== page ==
To sound in
Sound Sound, v. i. [OE. sounen, sownen, OF. soner, suner, F. sonner, from L. sonare. See {Sound} a noise.] 1. To make a noise; to utter a voice; to make an impulse of the air that shall strike the organs of hearing with a perceptible effect. ``And first taught speaking trumpets how to sound.'' --Dryden. [1913 Webster]

How silver-sweet sound lovers' tongues! --Shak. [1913 Webster]

2. To be conveyed in sound; to be spread or published; to convey intelligence by sound. [1913 Webster]

From you sounded out the word of the Lord. --1 Thess. i. 8. [1913 Webster]

3. To make or convey a certain impression, or to have a certain import, when heard; hence, to seem; to appear; as, this reproof sounds harsh; the story sounds like an invention. [1913 Webster]

Good sir, why do you start, and seem to fear Things that do sound so fair? --Shak. [1913 Webster]

{To sound in} or {To sound into}, to tend to; to partake of the nature of; to be consonant with. [Obs., except in the phrase To sound in damages, below.] [1913 Webster]

Soun[d]ing in moral virtue was his speech. --Chaucer. [1913 Webster]

{To sound in damages} (Law), to have the essential quality of damages. This is said of an action brought, not for the recovery of a specific thing, as replevin, etc., but for damages only, as trespass, and the like. [1913 Webster]


The Collaborative International Dictionary of English. 2000.

Look at other dictionaries:

  • To sound in damages — Sound Sound, v. i. [OE. sounen, sownen, OF. soner, suner, F. sonner, from L. sonare. See {Sound} a noise.] 1. To make a noise; to utter a voice; to make an impulse of the air that shall strike the organs of hearing with a perceptible effect. And… …   The Collaborative International Dictionary of English

  • To strike in — Strike Strike, v. i. To move; to advance; to proceed; to take a course; as, to strike into the fields. [1913 Webster] A mouse . . . struck forth sternly [bodily]. Piers Plowman. [1913 Webster] 2. To deliver a quick blow or thrust; to give blows.… …   The Collaborative International Dictionary of English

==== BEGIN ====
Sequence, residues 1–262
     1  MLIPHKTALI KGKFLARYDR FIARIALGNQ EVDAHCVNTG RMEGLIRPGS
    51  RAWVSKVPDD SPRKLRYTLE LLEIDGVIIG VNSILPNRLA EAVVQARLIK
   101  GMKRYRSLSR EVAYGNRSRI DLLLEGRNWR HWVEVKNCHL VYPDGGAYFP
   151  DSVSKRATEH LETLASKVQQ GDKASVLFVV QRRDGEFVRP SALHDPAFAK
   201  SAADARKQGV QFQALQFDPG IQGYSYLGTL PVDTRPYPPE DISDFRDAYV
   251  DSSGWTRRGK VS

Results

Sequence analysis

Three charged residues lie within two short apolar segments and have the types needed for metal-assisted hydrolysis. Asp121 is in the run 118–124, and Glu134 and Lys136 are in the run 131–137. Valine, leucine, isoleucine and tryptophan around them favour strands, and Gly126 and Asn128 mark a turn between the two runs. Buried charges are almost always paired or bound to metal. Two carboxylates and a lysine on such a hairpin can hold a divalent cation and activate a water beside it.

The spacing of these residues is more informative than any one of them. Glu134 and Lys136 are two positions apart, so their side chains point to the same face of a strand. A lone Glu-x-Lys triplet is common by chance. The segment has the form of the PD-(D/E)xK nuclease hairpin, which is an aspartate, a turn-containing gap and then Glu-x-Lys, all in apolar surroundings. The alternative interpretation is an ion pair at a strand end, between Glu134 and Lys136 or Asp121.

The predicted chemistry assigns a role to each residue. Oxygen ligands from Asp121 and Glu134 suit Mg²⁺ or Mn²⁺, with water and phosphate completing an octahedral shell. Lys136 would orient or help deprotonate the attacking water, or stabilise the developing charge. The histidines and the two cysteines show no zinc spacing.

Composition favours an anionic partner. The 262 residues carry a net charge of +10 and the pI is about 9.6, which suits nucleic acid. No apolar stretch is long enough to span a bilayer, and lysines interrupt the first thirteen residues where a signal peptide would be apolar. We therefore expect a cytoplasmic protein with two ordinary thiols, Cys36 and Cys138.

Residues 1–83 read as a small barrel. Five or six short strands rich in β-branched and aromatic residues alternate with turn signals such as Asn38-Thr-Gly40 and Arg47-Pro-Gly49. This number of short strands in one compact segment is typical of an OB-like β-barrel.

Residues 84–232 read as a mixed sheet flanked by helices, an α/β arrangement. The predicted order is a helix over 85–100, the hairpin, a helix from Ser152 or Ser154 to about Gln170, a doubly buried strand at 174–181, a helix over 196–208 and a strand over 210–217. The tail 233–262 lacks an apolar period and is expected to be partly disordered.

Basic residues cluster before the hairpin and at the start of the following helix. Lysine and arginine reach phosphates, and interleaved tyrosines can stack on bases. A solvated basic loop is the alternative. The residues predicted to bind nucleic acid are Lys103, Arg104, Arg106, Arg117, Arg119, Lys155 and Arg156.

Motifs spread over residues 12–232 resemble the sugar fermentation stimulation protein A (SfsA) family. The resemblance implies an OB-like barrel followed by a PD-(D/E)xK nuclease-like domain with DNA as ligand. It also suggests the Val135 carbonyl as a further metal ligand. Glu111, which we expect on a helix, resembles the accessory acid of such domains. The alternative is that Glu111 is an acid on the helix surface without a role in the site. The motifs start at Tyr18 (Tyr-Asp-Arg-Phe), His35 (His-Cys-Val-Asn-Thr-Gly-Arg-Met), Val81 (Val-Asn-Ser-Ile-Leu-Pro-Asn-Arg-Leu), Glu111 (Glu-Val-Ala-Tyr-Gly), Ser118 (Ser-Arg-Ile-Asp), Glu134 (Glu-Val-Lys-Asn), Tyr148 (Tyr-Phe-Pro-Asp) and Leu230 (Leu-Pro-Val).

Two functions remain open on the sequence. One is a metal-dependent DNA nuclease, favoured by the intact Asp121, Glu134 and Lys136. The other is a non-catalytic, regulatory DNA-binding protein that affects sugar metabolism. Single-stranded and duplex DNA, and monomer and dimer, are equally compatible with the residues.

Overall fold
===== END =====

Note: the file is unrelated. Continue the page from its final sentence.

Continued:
• To ring in — Ring Ring (r[i^]ng), v. t. [imp. {Rang} (r[a^]ng) or {Rung} (r[u^]ng); p. p. {Rung}; p. pr. & vb. n. {Ringing}.] [AS. hringan; akin to Icel. hringja, Sw. ringa, Dan. ringe, OD. ringhen, ringkelen. [root]19.] 1. To cause to sound, especially by… …   The Collaborative International Dictionary of English

  • To held in — Hold Hold, v. t. [imp. & p. p. {Held}; p. pr. & vb. n. {Holding}. {Holden}, p. p., is obs. in elegant writing, though still used in legal language.] [OE. haldan, D. houden, OHG. hoten, Icel. halda, Dan. holde, Sw. h[*a]lla, Goth. haldan to feed,… …   The Collaborative International Dictionary of English

  • To sound into — Sound Sound, v. i. [OE. sounen, sownen, OF. soner, suner, F. sonner, from L. sonare. See {Sound} a noise.] 1. To make a noise; to utter a voice; to make an impulse of the air that shall strike the organs of hearing with a perceptible effect. And… …   The Collaborative International Dictionary of English

  • To strike in with — Strike Strike, v. i. To move; to advance; to proceed; to take a course; as, to strike into the fields. [1913 Webster] A mouse . . . struck forth sternly [bodily]. Piers Plowman. [1913 Webster] 2. To deliver a quick blow or thrust; to give blows.… …   The Collaborative International Dictionary of English

  • To sound the charge — Charge Charge, n. [F. charge, fr. charger to load. See {Charge}, v. t., and cf. {Cargo}, {Caricature}.] 1. A load or burder laid upon a person or thing. [1913 Webster] 2. A person or thing commited or intrusted to the care, custody, or management …   The Collaborative International Dictionary of English

  • To break in upon — Break Break (br[=a]k), v. i. 1. To come apart or divide into two or more pieces, usually with suddenness and violence; to part; to burst asunder. [1913 Webster] 2. To open spontaneously, or by pressure from within, as a bubble, a tumor, a seed… …   The Collaborative International Dictionary of English

  • To hold in hand — Hold Hold, v. t. [imp. & p. p. {Held}; p. pr. & vb. n. {Holding}. {Holden}, p. p., is obs. in elegant writing, though still used in legal language.] [OE. haldan, D. houden, OHG. hoten, Icel. halda, Dan. holde, Sw. h[*a]lla, Goth. haldan to feed,… …   The Collaborative International Dictionary of English

  • To hold in play — Hold Hold, v. t. [imp. & p. p. {Held}; p. pr. & vb. n. {Holding}. {Holden}, p. p., is obs. in elegant writing, though still used in legal language.] [OE. haldan, D. houden, OHG. hoten, Icel. halda, Dan. holde, Sw. h[*a]lla, Goth. haldan to feed,… …   The Collaborative International Dictionary of English

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